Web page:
Immuno - Immunodeficiencies Review

drraythe's version from 2015-06-14 22:18


Question Answer
What is a 1⁰ immunodeficiency?Result of inherited (genetic) defect
What is 2⁰ immunodeficiency?Deficiencies resulting from another cause
Examples of 2⁰ immunodeficiency’sViral infections, microbial infections, toxins, malnutrition
Describe Grey collie syndrome. Aka?Canine cyclical neutropenia- autosomal recessive. Cyclic bone marrow defect in stem cells. Neutrophils periodically decreased. Usually die w/in a week, have lighter coat & NOT BLACK NOSE
What is SCID? Explain.SEVERE COMBINED IMMUNE DEFICIENCY horses/dogs/mice. diff genetic defects which all result in defective T & B cells - cant make their own Abs. autosomal recessive. Healthy while getting maternal Ab.
What is hypotrichosis w/ thymic dysplasia (cats)Genetic defect. Dont know what gene is problem. Kittens born w/out hair or thymus. Thymus makes T-cells
How can viruses cause immunodeficiency?Destroy lymphoid tissues. Esp. retroviruses target CD4+ T cells & FDCs
Examples of viruses which cause immunodeficiency?Feline immunodeficiency virus, herpes virus, canine distemper, canine parvovirus, etc
Which immune system does grey collie syndrome affect?Innate (neutrophils)
Which immune system does SCID affect?Acquired (B & T)
Which immune system does Hypotrichosis w/ thymic aplasia in cats & nude mice affect?Acquired (T)

Tests to know ctd

Question Answer
Reagents/procedures for ELISA?Use enzymes, look for color change (1⁰)
Reagents/procedures for Direct FA?Use Ab-FITC (florescence), look for florescence under UV (1⁰)
Reagents/procedures for Indirect FA?Use Antiglobulin-FITC, look for florescence under UV (1⁰)
Reagents/procedures for IHC?Use Ab-enzyme, treat w/ enzyme substrate look for color change (1⁰)
Reagents/procedures for precipitation/immuno diffusion tests?Use soluble Ag, look for precipitation of Ab-Ag complexes (2⁰)
Reagents/procedures for hemagglu tests?Add pt serum w/ Ab, look for clumping of RBCs (2⁰)
Reagents/procedures for hemagglu INHIB tests?Add pt serum w/antibodies, look for NO clumping (2⁰) no clumps = positive test result
Reagents/procedures for latex agglu?Add pt serum, ab presence shows latex bead clotting (2⁰)
Reagents/procedures for serum neutralization?Add pts serum w/ Ab to virus solution, then add that to cells, lack of cell death is positive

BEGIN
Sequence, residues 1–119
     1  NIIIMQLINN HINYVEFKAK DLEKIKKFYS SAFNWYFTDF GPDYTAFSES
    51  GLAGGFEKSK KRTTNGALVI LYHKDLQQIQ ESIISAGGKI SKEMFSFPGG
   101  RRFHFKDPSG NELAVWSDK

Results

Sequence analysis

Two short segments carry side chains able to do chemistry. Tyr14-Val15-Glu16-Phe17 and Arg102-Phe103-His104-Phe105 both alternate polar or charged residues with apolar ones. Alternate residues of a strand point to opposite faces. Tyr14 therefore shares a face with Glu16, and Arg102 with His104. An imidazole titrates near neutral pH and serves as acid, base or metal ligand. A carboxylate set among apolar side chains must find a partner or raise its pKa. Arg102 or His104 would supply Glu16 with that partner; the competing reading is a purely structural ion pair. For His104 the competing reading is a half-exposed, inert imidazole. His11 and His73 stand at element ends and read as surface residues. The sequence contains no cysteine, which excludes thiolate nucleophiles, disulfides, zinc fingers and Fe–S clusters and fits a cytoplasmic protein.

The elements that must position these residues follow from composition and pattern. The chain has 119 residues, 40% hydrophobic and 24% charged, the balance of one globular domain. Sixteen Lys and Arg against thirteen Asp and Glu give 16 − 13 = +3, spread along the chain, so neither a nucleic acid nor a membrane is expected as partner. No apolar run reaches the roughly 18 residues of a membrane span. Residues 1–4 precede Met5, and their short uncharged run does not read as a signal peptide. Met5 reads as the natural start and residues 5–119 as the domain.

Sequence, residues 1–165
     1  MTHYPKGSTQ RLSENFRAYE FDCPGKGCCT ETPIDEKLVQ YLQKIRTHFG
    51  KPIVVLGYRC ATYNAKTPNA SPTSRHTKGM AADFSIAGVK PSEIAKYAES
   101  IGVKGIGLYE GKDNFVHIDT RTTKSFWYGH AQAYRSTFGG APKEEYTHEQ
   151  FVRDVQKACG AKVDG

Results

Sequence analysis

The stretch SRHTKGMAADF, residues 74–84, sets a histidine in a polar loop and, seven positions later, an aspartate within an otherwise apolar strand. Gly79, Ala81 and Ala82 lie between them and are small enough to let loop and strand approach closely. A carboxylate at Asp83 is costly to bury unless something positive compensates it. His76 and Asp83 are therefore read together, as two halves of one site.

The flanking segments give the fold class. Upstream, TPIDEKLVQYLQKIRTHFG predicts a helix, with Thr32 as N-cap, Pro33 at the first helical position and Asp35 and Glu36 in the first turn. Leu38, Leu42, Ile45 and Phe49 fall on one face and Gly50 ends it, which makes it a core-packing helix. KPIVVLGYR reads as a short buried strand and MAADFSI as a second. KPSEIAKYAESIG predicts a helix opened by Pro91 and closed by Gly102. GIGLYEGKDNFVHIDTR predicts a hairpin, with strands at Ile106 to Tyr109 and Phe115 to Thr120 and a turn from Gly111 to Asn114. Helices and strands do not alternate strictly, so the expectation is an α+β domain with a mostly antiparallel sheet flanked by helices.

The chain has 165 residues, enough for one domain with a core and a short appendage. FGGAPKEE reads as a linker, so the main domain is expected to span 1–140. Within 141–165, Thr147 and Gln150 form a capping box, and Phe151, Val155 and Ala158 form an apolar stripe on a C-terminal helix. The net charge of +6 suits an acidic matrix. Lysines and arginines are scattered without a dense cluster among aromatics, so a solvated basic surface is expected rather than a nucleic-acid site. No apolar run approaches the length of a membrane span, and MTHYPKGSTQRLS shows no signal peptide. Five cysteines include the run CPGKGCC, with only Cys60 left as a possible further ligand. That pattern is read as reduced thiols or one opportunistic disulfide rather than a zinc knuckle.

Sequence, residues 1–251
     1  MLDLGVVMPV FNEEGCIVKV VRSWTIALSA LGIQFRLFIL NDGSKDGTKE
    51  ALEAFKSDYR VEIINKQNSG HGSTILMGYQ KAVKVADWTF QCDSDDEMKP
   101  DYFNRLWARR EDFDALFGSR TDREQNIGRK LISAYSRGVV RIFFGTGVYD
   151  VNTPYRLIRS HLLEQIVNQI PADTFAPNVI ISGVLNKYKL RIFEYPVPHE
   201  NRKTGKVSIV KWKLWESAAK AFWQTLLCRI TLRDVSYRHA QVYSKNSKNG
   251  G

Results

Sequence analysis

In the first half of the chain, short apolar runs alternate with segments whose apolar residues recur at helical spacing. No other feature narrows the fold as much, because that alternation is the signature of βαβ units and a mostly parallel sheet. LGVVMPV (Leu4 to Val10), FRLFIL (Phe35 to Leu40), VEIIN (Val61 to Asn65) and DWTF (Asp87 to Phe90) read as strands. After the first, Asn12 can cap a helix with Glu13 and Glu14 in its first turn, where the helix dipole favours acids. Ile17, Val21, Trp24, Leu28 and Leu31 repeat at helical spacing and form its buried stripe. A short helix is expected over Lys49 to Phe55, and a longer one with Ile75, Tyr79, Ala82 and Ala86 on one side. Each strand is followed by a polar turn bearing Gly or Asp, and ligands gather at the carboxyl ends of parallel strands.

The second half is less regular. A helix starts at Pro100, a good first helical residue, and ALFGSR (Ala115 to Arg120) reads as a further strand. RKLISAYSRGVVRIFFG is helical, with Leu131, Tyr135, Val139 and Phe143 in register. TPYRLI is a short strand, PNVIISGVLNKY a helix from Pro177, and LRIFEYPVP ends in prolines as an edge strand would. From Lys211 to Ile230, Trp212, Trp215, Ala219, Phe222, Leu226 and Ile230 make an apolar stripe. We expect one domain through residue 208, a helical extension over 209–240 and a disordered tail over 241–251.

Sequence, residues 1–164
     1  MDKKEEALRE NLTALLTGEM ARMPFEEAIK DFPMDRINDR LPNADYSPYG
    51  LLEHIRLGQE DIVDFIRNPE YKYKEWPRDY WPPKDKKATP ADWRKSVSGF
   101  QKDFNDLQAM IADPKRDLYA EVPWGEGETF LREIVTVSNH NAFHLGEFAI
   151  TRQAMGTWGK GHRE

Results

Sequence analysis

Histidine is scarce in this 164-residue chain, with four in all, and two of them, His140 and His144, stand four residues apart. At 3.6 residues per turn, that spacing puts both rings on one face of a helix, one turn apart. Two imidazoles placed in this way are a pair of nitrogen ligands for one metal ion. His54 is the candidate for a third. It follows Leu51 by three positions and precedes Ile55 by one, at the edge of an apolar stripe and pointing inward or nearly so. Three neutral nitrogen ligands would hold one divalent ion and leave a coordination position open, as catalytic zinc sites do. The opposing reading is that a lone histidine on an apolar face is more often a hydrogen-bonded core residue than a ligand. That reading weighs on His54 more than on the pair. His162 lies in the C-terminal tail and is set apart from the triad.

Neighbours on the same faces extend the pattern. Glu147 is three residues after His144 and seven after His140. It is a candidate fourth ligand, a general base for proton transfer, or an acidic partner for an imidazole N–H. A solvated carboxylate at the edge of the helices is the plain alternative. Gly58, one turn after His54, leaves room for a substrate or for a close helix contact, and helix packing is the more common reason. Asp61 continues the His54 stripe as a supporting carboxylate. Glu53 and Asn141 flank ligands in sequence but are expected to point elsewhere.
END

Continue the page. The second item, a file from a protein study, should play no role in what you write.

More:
Reagents/procedures for western blot?Add pt serum w/ Ab & then add labeled antiglobulin to detect Ab. If looking for Ag, add enzyme-labeled Ab. Either way, look for color change
Reagents/procedures for complement fixation?Add RBCs to serum, if hemolysis = neg for Ab; no hemolysis is a positive test result.
What is mouse-anti-feline IgG?An Ab from a mouse which would attach to a cat's IgG Ab.
Monoclonal vs polyclonal Ab?Polyclonal = Abs that all react to different epitopes of 1 antigen
Monoclonal = Abs which all react to the Ags 1 epitope only
Explain acute vs convalescent sampleAcute - Collect serum early after onset of illness
Convalescent - Collect 14-20 days after acute
Which would have a higher titer, acute or convalescent sample? When & why?Convalescent would have a higher titer (ex: acute= 1:2 & conv= 1:64) bc longer into infection would be when there was time to MAKE Ab against dz, so it's a higher conc of Ab, thus takes more dilutions to stop effect
How do you know if there was an infection, using acute & convalescent samples for titers?If there is a 4 FOLD INCREASE between acute & conv. it is compatible w/ a Dx of infection
What is a pro-zone?For precip/agglu-type tests, it's when there is TOO MUCH ANTIBODY so poor lattice formations occurs bc they just coat the Ag- cant visualize precipitate (Abs are the pros but theres too many of them)
What is a post-zone?For precip/agglu-type tests, it's when there is TOO MUCH ANTIGEN so there is poor lattice formation (cant visualize precipitate) (Abs too few to link together properly)
What does a test w/ high sensitivity do?Very sensitive so CORRECTLY ID THE POSITIVES, maybe extras, but you can TRUST the Negatives to be True Negatives. Used to SCREEN animals. (Correctly ID positives)
What does a test w/ high specificity do?Can correctly ID the NEGATIVES, used to RULE OUT Dz (often used after sensitivity test). You can TRUST the positives to be true positives
How do you calculate sensitivity?(# of true positive / # with the Dz (TP+FN) ) x 100
How do you calculate specificity?(# of true negative / # without the Dz (TN+FP) ) x 100
3 examples of when youd want a highly sensitive testWhen you REALLY dont wanna miss any positives. So, screening for HIV in blood donors, checking for a dz where early Dx is important in Tx, or when dz is rare but important to detect (BSE-bovine spongiform encephalopathy in cattle)
In equations for specificity & sensitivity, describe what the numerator & denominator meansPecificity numerator = True Negatives; denominator = Total w/out Dz (P → u can TRUST the Positives, so you are looking for False Negatives)
seNsitivity numerator = True Positives; denominator = Total Dzd (N → you can TRUST the Negatives, so you are looking for False Positives)